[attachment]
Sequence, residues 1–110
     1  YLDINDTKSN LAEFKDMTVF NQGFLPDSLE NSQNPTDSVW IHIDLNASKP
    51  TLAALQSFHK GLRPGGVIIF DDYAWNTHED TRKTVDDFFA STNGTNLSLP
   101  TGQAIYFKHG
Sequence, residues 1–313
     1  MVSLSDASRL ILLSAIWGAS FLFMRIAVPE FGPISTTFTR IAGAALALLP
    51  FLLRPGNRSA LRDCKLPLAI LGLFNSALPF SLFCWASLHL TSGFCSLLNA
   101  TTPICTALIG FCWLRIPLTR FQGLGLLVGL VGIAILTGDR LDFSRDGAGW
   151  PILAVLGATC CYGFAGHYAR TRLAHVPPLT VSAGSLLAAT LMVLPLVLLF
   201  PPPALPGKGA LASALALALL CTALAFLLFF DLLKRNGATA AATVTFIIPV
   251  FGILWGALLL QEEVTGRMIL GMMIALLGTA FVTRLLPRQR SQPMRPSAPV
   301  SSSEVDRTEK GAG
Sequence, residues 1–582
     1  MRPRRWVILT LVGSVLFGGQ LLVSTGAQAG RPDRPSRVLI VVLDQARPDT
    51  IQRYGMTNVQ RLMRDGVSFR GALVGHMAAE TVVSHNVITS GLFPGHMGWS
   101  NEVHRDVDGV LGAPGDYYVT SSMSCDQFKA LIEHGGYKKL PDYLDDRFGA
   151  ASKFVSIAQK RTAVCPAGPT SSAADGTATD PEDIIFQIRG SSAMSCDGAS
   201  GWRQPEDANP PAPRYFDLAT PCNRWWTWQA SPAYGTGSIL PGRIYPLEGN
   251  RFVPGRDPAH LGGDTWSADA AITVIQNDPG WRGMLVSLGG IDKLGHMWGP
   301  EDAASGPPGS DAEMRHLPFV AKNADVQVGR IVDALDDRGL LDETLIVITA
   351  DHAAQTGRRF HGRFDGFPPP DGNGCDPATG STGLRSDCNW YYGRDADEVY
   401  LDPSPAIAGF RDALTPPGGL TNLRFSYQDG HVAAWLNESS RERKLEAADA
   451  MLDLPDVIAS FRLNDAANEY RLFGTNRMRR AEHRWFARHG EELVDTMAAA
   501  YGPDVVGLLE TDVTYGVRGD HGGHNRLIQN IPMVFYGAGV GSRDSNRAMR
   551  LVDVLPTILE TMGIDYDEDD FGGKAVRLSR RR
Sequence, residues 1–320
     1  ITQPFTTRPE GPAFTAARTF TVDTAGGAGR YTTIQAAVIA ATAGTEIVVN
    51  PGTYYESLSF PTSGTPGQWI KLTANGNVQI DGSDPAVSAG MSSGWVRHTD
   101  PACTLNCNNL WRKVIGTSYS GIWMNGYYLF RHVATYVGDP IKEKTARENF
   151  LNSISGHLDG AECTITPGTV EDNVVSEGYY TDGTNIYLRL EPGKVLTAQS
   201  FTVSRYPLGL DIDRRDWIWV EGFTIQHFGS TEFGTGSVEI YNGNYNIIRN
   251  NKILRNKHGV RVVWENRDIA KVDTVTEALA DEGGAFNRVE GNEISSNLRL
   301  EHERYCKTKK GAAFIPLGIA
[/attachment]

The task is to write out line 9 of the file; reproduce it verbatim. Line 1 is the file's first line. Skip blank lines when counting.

   151  PILAVLGATC CYGFAGHYAR TRLAHVPPLT VSAGSLLAAT LMVLPLVLLF